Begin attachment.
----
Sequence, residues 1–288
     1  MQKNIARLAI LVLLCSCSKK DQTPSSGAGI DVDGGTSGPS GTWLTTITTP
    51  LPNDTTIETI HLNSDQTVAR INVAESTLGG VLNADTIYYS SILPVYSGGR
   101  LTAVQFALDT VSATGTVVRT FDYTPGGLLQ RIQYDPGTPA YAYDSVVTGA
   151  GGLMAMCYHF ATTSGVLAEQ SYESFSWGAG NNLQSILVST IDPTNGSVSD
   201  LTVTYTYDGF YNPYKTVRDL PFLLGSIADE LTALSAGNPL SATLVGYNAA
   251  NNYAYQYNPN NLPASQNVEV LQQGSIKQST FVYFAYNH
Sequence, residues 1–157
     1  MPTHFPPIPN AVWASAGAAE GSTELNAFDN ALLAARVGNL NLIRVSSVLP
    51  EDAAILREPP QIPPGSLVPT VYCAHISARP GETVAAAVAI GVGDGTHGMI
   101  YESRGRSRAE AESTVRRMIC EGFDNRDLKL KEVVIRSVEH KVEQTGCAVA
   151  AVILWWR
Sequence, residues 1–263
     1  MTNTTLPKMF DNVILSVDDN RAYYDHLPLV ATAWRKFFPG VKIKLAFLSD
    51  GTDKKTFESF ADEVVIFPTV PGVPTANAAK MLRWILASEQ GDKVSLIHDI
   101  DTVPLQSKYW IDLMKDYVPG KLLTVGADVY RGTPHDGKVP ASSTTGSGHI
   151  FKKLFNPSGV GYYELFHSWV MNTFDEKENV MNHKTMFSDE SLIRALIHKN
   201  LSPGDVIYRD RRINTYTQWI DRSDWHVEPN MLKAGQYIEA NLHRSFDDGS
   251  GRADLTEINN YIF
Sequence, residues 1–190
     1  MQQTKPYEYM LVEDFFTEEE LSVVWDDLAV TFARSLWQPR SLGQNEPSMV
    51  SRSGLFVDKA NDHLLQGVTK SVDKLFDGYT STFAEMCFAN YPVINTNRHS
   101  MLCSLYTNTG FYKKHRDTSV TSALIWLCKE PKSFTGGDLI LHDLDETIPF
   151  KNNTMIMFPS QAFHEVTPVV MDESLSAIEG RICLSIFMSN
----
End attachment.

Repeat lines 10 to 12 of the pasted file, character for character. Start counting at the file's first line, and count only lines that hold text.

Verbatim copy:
    51  EDAAILREPP QIPPGSLVPT VYCAHISARP GETVAAAVAI GVGDGTHGMI
   101  YESRGRSRAE AESTVRRMIC EGFDNRDLKL KEVVIRSVEH KVEQTGCAVA
   151  AVILWWR